- Cool Licks, 642 King St (south of downtown, north of Ontario Rd), ☏ . A family-run ice cream and small meal parlour with large portions and cheap prices. This place is packed in the summer.
- Mossimo's Pizza & Subs, 164 Regional Road 20 West, Pelham, ☏ . M-Th 10:30AM-11PM, F Sa 10:30AM-midnight, Su 10:30AM-10PM. Mossimo's started in 1993 as a small mostly take-out pizza joint. In 2000, they moved to a larger location. In March 2014, they opened a new bigger restaurant. This growth is because it is Fonthill/Pelham's favourite pizza parlour.
- Mr Mikes Steakhouse Casual, 800 Niagara St N (Seaway Mall), ☏ . Sun-Wed 11am-Midnight, Thurs-Sat 11am-1am. This is the first location in Eastern Canada of this Western Canadian chain.
- M.T. Bellies Tap and Grillhouse, 871 Niagara St, ☏ . Their slogan is "Big Food Big Fun" and definitely lives up to this. Definitely try the Buffalo Chicken Fingers or Chicken Parmesan. Make reservations if coming at a busy time. The bar is also popular with the locals and is a good place to meet long time Wellanders.
- My Place Bar & Grill, 20 Regional Rd 20, Fonthill, ☏ , ✉ firstname.lastname@example.org. Mediterranean cuisine. Serves a nice Sunday brunch buffet with omelet bar.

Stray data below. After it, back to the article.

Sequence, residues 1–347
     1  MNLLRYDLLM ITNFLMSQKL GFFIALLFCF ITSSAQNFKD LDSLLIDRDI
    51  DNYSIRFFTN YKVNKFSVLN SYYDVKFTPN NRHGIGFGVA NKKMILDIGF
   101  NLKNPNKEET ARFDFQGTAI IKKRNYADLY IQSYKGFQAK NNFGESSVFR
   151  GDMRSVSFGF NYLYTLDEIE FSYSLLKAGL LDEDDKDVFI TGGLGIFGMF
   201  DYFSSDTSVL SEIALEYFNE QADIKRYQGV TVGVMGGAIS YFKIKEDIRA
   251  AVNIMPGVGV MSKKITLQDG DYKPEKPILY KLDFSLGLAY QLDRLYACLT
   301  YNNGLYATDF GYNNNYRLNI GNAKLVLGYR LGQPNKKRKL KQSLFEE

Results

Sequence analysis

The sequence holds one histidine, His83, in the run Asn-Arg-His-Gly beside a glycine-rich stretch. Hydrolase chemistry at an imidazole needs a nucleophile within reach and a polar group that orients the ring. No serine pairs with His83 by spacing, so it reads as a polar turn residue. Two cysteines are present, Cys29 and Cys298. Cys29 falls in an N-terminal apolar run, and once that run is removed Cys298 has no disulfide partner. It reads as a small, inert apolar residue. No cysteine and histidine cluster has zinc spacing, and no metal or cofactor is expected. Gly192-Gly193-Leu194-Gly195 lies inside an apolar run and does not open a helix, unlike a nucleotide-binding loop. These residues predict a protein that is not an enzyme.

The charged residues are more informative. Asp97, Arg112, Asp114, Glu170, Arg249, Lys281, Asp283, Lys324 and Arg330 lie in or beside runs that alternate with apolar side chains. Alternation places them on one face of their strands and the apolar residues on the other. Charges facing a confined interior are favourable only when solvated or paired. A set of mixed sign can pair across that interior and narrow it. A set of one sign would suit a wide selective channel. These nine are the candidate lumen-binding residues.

- Peter Pipers Pubhouse, 111 Regional Rd 20, Fonthill, ☏ . Regular specials most days, including $5 burgers on Mondays, and Beef on Weck on Thursdays. Parking came be a problem at busy times.
- Pho Real, 124 Regional Rd 20, Fonthill, ☏ . 11am - 10pm.
- Iggy's Pub & Grub, 115 Regional Rd #20 East, Fonthill, ☏ , ✉ email@example.com. 11AM-2AM Daily. Their Facebook page says "Home of Craft Beer and a Great Time". 24 beers and ciders on tap. $10-30.
- Kame and Kettle Beer Works, 25 Pelham Town Square, Fonthill, ☏ , ✉ firstname.lastname@example.org. Wed–Sun: 11:30 am – 9 pm.
- Best Western Plus Rose City Suites Hotel, 300 Prince Charles Dr, ☏ , toll-free: , fax: , ✉ email@example.com. Check-in: 3PM, check-out: 11AM. Smoke free, all-suite hotel. Some suites have a full fridge and stove. Complimentary hot breakfast. Beside the Old Welland Canal.
- Canada's Best Value Inn, 1030 Niagara St (north of Seaway Mall, north of Quaker Rd), ☏ , toll-free: , fax: . Check-in: 3PM, check-out: 11AM. A former Ramada, Days Inn, and Knights Inn. Three-story non-smoking hotel, indoor pool, renovated 2013. The attached restaurant is now Big Daddy's Pho.
- Hipwell's Motel, 299 20 Hwy, Pelham (one mile west of Fonthill), ☏ , fax: . Check-in: 2PM, check-out: 10:30AM. 26 rooms. Outdoor pool. Picnic area.
- Travelodge by Wyndham, 870 Niagara St (north of Seaway Mall), ☏ . Check-in: 3PM, check-out: 11AM. Pet friendly (ground floor only). 80 rooms. Free continental breakfast.
- A drive into Niagara Falls is 30 minutes or less.
- Also a short drive away is Niagara-on-the-Lake - a quaint, historic town with great little shops, restaurants, wineries, and (in the summer) the Shaw Theatre Festival.
- St. Catharines to the north, Hamilton to the west, Port Colborne to the south, and Fort Erie/Buffalo to the south-east.